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The music has a Stravinsky-like neoclassical mood and sound and is scored for the standard woodwind quintet plus piano and timpani.  A review of the piece by Walter Simmons when it was first performed in 1949 says, “Probably his most serious work from this period, [King Lear] is quite demanding for the listener, but, as is usually the case with Persichetti, repays repeated focused attention.”


Mládí (Youth) (1924) by Leoš Janáček (1854-1928)

Born in a Hulvady, a remote village of Moravia (now the Czech Republic), Janáček was trained as a musician and teacher and spent his first 60 years of life in the provincial capital of Brno, in relative obscurity.  Then in 1915 the Prague Opera performed his opera Jenufa, which was a major success and vaulted him into international renown.  His later years were some of his most productive, with four more operas, two string quartets, a mass and various other choral and chamber music, including Mládí, which means “Youth”.  Scored for wind sextet (the standard woodwind quintet plus a bass clarinet), the music reflects his life as a schoolboy at the Augustinian monastery of Brno, where he had received both musical and basic academic education. 


The opening Allegro movement features a main theme which is derived from the speech patterns of the words “youth, golden youth” in the Moravian tongue.  The Andante sostenuto movement has four variations, and is rather glum in mood perhaps depicting a schoolboy’s reaction to the monastic discipline imposed on him.  The third movement is marked by the piccolo tune, “March of the Blue-Boys.”  And the final Allegro animato recalls the opening theme of “youth, golden youth” as it whirls to a faster and faster finale. 


The first performance of this work was in Brno, but it was not very successful.  The oboist finally managed to repair a defect of his instrument, but the clarinetist, because of a broken key spring only pretended to be playing.  Janáček was very angry.  The work was later performed in Prague on November 25, 1924, this time with members of the Czech Philharmonic, and the performance was received with great enthusiasm.

Recordings of the The Mousai and Friends:  2015 - latest performance

These are high memory, full length recordings - they will take about 30 seconds to download and require Quicktime [*Windows, only]

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CD covers of the Alder Street Woodwind Sextet:  2003 - 2009; and The Mousai: 2012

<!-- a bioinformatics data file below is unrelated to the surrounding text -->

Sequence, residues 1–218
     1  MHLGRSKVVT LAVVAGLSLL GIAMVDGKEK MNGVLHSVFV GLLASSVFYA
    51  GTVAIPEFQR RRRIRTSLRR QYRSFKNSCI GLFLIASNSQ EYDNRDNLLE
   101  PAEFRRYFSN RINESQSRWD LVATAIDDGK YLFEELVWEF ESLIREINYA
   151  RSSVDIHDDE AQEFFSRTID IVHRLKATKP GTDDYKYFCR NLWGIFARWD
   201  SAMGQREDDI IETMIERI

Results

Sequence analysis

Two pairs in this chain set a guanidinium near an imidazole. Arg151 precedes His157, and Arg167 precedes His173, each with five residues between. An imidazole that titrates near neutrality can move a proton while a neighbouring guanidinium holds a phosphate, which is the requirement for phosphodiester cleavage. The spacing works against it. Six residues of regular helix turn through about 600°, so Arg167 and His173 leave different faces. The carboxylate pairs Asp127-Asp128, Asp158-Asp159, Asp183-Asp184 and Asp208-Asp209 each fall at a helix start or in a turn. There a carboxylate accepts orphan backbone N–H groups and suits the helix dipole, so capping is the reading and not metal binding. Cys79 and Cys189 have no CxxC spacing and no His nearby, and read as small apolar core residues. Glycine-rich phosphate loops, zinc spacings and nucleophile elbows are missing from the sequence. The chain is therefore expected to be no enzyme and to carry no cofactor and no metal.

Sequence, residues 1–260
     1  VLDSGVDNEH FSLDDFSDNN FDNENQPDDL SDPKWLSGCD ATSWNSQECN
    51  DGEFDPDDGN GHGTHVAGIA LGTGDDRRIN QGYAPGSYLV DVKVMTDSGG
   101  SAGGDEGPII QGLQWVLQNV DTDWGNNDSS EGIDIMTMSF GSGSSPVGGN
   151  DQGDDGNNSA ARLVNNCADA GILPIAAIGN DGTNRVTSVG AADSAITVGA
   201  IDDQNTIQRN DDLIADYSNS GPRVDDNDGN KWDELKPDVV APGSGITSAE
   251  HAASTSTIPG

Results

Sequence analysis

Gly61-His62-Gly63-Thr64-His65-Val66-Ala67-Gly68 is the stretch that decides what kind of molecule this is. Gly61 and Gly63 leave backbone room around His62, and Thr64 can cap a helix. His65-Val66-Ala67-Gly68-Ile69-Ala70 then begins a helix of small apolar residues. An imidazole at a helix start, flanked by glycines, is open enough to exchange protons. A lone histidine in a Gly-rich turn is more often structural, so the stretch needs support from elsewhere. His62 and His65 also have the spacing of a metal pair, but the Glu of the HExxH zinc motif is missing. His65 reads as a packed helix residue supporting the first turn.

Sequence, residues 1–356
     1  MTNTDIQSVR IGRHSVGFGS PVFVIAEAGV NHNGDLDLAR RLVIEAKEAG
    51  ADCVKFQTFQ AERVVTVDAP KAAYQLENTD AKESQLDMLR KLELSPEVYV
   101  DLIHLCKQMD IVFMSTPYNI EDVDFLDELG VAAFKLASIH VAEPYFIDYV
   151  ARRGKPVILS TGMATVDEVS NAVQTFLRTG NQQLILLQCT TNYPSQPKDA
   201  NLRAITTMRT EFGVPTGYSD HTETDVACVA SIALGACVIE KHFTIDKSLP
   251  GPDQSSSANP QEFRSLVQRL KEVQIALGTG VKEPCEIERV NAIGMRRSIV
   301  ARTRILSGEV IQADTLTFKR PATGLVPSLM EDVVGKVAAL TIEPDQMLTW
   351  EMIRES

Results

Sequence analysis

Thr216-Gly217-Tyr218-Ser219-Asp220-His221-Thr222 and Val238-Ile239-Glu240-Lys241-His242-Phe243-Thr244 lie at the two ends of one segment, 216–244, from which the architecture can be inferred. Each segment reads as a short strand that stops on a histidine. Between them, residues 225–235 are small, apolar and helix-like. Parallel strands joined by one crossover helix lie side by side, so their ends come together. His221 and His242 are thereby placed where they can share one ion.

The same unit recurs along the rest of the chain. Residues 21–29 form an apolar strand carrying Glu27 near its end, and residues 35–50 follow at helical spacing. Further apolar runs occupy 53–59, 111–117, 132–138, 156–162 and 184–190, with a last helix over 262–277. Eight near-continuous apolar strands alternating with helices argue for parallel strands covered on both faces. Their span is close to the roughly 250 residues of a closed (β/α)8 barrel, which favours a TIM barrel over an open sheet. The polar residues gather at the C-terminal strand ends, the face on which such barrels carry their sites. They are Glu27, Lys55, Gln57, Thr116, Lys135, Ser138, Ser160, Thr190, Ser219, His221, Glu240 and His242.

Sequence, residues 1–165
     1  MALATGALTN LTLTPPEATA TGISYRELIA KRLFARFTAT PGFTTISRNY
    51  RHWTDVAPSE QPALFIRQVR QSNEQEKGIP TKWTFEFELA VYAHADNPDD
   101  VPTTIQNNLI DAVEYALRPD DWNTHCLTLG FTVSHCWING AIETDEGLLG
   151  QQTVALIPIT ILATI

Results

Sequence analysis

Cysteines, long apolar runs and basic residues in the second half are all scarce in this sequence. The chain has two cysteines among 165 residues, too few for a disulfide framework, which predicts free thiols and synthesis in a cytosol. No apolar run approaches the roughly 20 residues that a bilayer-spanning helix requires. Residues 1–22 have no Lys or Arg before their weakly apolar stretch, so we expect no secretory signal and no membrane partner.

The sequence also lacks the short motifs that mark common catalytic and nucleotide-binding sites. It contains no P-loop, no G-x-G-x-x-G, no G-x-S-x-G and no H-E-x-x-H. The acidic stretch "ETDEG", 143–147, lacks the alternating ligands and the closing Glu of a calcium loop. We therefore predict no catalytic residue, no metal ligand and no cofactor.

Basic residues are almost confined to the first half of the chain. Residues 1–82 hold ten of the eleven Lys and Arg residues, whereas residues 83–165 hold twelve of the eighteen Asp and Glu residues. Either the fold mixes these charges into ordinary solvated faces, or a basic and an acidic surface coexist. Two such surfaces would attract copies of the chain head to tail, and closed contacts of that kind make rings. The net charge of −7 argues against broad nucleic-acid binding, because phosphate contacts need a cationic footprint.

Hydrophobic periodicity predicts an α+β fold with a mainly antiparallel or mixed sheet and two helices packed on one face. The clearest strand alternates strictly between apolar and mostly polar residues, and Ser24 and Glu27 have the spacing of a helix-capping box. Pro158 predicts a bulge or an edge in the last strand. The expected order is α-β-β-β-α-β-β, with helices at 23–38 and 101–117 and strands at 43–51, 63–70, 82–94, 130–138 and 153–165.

Performance of April 19, 2015 at the First Presbyterian Church, Portland, OR

Mexican Fantasies

Mike Curtis

Fantasy of the Red-Eyed Creature

Haskell Small

King Lear

Vincent Persichetti

Mladi (Youth)

Leos Janacek

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Program notes

Recordings_previous.html

Mexican Fantasies (2014), by Mike Curtis (b. 1952)

During a 2 month-long solo trip to Mexico in 2014, Mike Curtis sketched the melodies that became the basis for Mexican Fantasies.  He was inspired by thoughts of old and present love (Amores), the appeal of a Moorish design (The Blue Cupola), new friends he acquired (Amistades), and by an old Mexican film (La reina del trópico).  This version for flute, oboe, clarinet and bassoon was commissioned by The Mousai. 


Fantasy of the Red-Eyed Creature (2001, chamber version 2014), by Haskell Small (b. 1948)

Fantasy of the Red-eyed Creature was originally created by a third grade classroom collaborating with Washington DC-based composer Haskell Small and was premiered by the Mount Vernon Orchestra in 2001 as part of an American Composers’ Forum grant.  The piece was later transcribed for piano solo by the composer, who performed the piece in school settings with his wife as narrator in an expanded version of the original story. 


The Mousai and Friends performed the chamber ensemble version, arranged in 2014 and commissioned by The Mousai, which reverts to the original story.  The Mousai and Haskell Small developed this collaboration after the performance last season of Small’s Short Story by The Mousai, who solicited the audience’s input about the “story” and then sent the results to the composer. 


King Lear, Op. 35 (1948) by Vincent Persichetti (1915-1987)

Vincent Persichetti was one of America’s most illustrious composers, teachers and performers who left a legacy of outstanding works for wind band, as well as works for piano, organ, orchestra, chamber ensembles and choir.  King Lear was written for the Martha Graham Dance Company’s production of “The Eye of Anguish”, a piece of choreography that is no longer part of the Graham repertoire.  (The “eye of anguish” is a phrase that occurs in Act 4, Scene 4 of Shakespeare’s King Lear.

by Ann van Bever

King Learhttp://www.themousai.net/Music/Story/King_Lear.m4a
Mexican Fantasieshttp://www.themousai.net/Music/Story/Mexican_Fantasies.m4a
Fantasy of the Red-Eyed Creaturehttp://www.themousai.net/Music/Story/Red_Eyed_Creature.m4a
Mladi (Youth)http://www.themousai.net/Music/Story/Mladi.m4a

How to Listen?

Click on Quicktime players to the left or the direct links below